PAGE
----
• The Explore the Bible lesson for March 5 focuses on Matthew 16:13-28.
One day when I was in high school, my big sister and I were having a conversation about drinking alcohol. Somewhere in that conversation, I made the comment that I didn’t drink because my mother and father had taught me not to, although I have no memory of them ever lecturing me on the matter. They taught me by example.
That’s when my sister said something I’ve never forgotten all these years later. When I used my parents’ convictions as my own, she said, “That’s good enough.” She was telling the truth.
Tests will come
In time, no matter what our faith community or even our family may have taught us about Jesus since infancy, we will find ourselves having to answer for ourselves what we have personally chosen to believe. Hiding behind the faith of others will, in time, not hold us up when the real faith tests come. And, come they will.
At this point in Matthew’s Gospel, we find Jesus and the disciples reaching a critical crossroads. From this point forward, Jesus turns his primary attention toward Jerusalem and the cross that awaits him there.
Jesus wants to know if the disciples have reached a point of maturity regarding their faith in him. It would also seem Jesus wanted the disciples to know for themselves.
After asking the disciples to report to him who other people believe him to be, Jesus personalizes the question for the disciples. “‘But who do you say that I am?’” Jesus asked them as recorded in verse 15.
The time has come
In the life of every follower of Jesus, there comes a moment in time when they must make their faith their own. That time has now come for the disciples. An interesting point of discussion for any group of people studying this passage would be to allow others to share what it was like when that moment came in their lives. Some may realize it never has come.
We may start believing in Jesus as the Messiah as the next natural step of a child raised in a family of faith. Yet we never truly start following Jesus until we conclude within the depths of our own heart and conscience Jesus is the Messiah. The kind of faith required to give our lives to following Jesus simply cannot be borrowed; it must be possessed personally.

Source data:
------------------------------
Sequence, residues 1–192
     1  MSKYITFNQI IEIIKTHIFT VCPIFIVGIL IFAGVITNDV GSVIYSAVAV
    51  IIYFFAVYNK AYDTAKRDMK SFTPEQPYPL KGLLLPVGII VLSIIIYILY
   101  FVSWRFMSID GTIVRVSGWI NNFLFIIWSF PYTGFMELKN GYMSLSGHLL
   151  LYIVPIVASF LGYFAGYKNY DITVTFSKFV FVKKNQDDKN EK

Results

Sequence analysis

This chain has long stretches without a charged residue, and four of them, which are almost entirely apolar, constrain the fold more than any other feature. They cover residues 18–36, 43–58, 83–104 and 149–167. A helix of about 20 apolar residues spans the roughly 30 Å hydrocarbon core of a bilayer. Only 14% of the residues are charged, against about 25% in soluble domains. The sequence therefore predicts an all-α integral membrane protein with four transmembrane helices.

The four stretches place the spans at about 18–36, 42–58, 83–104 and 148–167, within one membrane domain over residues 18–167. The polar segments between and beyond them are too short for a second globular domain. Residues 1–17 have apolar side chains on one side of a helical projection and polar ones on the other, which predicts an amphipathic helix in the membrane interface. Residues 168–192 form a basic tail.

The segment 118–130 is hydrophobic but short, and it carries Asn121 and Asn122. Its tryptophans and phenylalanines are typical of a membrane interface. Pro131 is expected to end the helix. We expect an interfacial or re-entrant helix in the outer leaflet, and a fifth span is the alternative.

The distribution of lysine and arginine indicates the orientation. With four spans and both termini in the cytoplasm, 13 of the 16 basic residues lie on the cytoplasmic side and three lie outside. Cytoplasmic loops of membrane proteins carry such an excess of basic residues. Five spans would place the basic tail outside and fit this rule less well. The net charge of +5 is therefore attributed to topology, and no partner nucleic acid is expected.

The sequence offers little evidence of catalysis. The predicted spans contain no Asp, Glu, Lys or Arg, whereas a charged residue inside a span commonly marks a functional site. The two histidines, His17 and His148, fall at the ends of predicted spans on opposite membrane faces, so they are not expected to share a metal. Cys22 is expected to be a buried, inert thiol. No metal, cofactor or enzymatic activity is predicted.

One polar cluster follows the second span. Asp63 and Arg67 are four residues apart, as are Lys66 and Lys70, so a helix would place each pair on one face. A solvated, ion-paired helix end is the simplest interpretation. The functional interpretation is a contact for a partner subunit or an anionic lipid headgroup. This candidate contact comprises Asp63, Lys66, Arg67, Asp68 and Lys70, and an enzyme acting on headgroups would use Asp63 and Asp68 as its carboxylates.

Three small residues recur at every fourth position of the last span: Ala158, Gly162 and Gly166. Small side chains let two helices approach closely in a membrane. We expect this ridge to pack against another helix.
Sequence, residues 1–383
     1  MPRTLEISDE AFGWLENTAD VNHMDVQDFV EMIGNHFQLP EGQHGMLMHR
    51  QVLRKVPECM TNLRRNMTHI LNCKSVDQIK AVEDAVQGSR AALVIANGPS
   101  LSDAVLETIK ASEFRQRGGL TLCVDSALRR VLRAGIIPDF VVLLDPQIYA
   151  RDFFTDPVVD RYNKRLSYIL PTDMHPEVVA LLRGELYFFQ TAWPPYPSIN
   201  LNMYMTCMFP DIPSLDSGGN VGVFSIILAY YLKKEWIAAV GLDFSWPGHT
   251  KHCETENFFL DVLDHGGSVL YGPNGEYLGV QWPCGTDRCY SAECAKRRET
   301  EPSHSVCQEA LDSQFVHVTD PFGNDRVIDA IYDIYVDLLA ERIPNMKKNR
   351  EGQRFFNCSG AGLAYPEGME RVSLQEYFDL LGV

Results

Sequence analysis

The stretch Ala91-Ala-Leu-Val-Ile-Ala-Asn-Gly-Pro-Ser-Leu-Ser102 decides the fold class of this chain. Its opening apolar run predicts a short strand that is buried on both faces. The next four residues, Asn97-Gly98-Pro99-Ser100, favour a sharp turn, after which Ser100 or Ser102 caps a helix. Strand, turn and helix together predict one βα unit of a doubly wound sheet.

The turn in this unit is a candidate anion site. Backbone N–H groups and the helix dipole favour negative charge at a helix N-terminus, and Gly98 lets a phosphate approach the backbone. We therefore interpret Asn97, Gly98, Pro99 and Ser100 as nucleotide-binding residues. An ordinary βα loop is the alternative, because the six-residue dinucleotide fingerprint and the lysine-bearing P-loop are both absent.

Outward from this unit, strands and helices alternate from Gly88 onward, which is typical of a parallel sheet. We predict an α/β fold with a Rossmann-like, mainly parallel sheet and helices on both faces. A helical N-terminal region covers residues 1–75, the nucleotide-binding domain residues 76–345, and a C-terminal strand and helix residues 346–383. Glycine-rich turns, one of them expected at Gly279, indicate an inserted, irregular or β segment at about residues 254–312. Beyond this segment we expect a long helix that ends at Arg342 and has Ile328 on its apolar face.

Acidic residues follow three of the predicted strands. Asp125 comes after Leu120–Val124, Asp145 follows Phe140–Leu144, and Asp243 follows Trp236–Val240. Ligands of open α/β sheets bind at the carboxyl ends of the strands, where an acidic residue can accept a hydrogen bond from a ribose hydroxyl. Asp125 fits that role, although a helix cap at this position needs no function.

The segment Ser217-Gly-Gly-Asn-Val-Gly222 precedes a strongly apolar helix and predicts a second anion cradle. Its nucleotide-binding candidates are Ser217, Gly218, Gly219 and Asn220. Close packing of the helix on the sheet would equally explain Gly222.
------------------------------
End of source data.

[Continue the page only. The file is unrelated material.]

That’s because faith is not merely a set of beliefs about God as it is a relationship with God through Christ. Imagine a husband or wife telling their spouse on a daily basis how much they loved them but never did one thing that demonstrated that love. True faith is not what we say or claim to believe. True faith can be measured in the direction of our steps in following Jesus.
That may well make Matthew 16:15 one of the most important verses in all the Gospels, if not the entire Bible. Only when Peter answers that question for himself does Jesus begin to disclose more fully to Peter the ultimate nature of his presence in this world and what it will cost Peter to live out that conviction for himself.
Note in particular that Jesus, after Peter’s personal confession, says these incredibly powerful words. “‘From that time on, Jesus began to show his disciples that he must go to Jerusalem and undergo great suffering at the hands of the elders and chief priests and scribes, and be killed,’” (v. 21).
Those are sobering words. Perhaps many of us grew up in church singing the wonderful faith song, “I Have Decided to Follow Jesus.” Yet as sincerely as we sang those words, at some point we must consider the consequences those words entail.
During the Civil War, in late May and early June of 1864, Union and Confederate forces clashed just outside Richmond, Va., at the battle of Cold Run. During those two weeks, both sides suffered more than 18,000 casualties, only to end in what amounted to a draw.
The night before one particularly brutal assault both sides knew was coming with the morning sun, men were known to sew their names inside the lining of their coats. Assuming they would die in the next battle, they wanted to provide some way for their bodies to be identified. Yet their loyalty to their cause and their convictions would not allow them to do anything but prepare for inevitable death.
For the modern mind, it’s difficult to imagine facing certain death and being willing to walk straight into death’s jaws anyway. It may be just as difficult for any of us to imagine that it could cost our lives to follow Jesus.
That’s why Jesus isn’t as interested in our knowing what others believe about him. Jesus wants to know what each of us, individually, believes about him.
Every step we take from this moment forward, claiming to be a follower of Jesus, depends on it.
Glen Schmucker is a hospice and pediatric hospital chaplain in Fort Worth.